But I've never had distortion after the occasional mistake like we'er mentioning here. That, I'd presume is damage.

Now I have apparently entered a new recent scary phase re a life of electric guitar -distortion- all be it only during the gig.
Old 4 days ago
  #7
Mine sounds like a swamp but I never really worry about it much...just mix and carry on with whatever I can hear.

Last edited by hello people; 4 days ago at 01:18 AM..
Old 4 days ago
  #8
Here for the gear
 

I got tinnitus last year from a prank by some kids in a hardware store. :(

Unfortunately, it's still here after sixteen months and makes my left ear extremely tired after mixing. Not only tired but I also hear worse for a day or so afterwards, so it's really bad actually.

To answer your question: with my tinnitus followed permanent hearing loss. I took a test at the doctor, and above 8 kHz I have trouble hearing anything. I've come to reply on Izotope's autoadjustment solutions (Ozone for example) and look closely at EQ's to see if a sound might be piercing or so.

So: yes, my high frequency hearing is severely affected by tinnitus and I just hope I'm not overcompensating. (Then again, I only do this for a hobby; had I been mixing for my profession, then that particular career would certainly be over.)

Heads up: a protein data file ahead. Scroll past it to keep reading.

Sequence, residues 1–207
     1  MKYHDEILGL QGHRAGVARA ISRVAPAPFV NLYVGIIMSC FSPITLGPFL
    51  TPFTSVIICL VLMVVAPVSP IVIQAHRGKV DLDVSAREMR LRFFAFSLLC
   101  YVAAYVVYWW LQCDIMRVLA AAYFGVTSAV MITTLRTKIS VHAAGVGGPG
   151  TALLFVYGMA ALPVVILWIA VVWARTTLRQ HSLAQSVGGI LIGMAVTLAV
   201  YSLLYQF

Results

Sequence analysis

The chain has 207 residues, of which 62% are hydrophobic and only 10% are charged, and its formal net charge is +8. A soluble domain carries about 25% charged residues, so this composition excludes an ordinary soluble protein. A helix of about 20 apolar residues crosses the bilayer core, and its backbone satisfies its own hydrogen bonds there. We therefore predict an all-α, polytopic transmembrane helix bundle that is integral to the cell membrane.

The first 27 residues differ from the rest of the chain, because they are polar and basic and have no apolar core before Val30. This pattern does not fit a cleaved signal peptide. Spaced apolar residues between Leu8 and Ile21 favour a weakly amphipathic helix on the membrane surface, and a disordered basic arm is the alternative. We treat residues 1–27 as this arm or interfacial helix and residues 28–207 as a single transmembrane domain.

Old 5 hours ago
  #9
Gear Head
 

I have really bad tinnitus. My hearing has been damaged by standing in front of a Marshall and next to drummers banging on cymbals. And mixing on NS-10s, they are nasty pieces of work, but work well as an average monitor.
Due to all this my hearing starts dropping at 4K and falls off rapidly.
I never thought of myself as a mixing engineer (back in the day it was a very distinct specialty) but I am currently mixing my own album. I have an editor/listener who doesn't have hearing damage whom I trust. He audits my mixes and I'm careful about boosts in the air region.
Because of all this it took me since last August until very recently to find the "voice" of my album.
A listener you trust with a completely separate monitoring system can be invaluable.